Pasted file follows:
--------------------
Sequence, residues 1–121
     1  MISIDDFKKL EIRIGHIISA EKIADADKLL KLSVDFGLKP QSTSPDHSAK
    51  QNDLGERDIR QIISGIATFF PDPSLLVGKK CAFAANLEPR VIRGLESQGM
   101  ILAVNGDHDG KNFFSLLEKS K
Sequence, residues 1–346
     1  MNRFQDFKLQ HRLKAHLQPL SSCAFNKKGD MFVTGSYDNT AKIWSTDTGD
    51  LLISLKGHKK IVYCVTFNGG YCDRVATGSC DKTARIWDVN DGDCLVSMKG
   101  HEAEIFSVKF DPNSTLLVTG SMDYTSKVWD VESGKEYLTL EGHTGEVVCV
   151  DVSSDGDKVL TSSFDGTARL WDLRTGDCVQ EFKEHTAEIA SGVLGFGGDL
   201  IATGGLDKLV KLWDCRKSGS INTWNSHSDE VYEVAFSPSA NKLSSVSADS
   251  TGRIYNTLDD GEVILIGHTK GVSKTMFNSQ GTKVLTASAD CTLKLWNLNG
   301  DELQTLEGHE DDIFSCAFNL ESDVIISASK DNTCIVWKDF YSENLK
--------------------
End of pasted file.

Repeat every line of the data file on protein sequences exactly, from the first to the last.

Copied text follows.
Sequence, residues 1–121
     1  MISIDDFKKL EIRIGHIISA EKIADADKLL KLSVDFGLKP QSTSPDHSAK
    51  QNDLGERDIR QIISGIATFF PDPSLLVGKK CAFAANLEPR VIRGLESQGM
   101  ILAVNGDHDG KNFFSLLEKS K
Sequence, residues 1–346
     1  MNRFQDFKLQ HRLKAHLQPL SSCAFNKKGD MFVTGSYDNT AKIWSTDTGD
    51  LLISLKGHKK IVYCVTFNGG YCDRVATGSC DKTARIWDVN DGDCLVSMKG
   101  HEAEIFSVKF DPNSTLLVTG SMDYTSKVWD VESGKEYLTL EGHTGEVVCV
   151  DVSSDGDKVL TSSFDGTARL WDLRTGDCVQ EFKEHTAEIA SGVLGFGGDL
   201  IATGGLDKLV KLWDCRKSGS INTWNSHSDE VYEVAFSPSA NKLSSVSADS
   251  TGRIYNTLDD GEVILIGHTK GVSKTMFNSQ GTKVLTASAD CTLKLWNLNG
   301  DELQTLEGHE DDIFSCAFNL ESDVIISASK DNTCIVWKDF YSENLK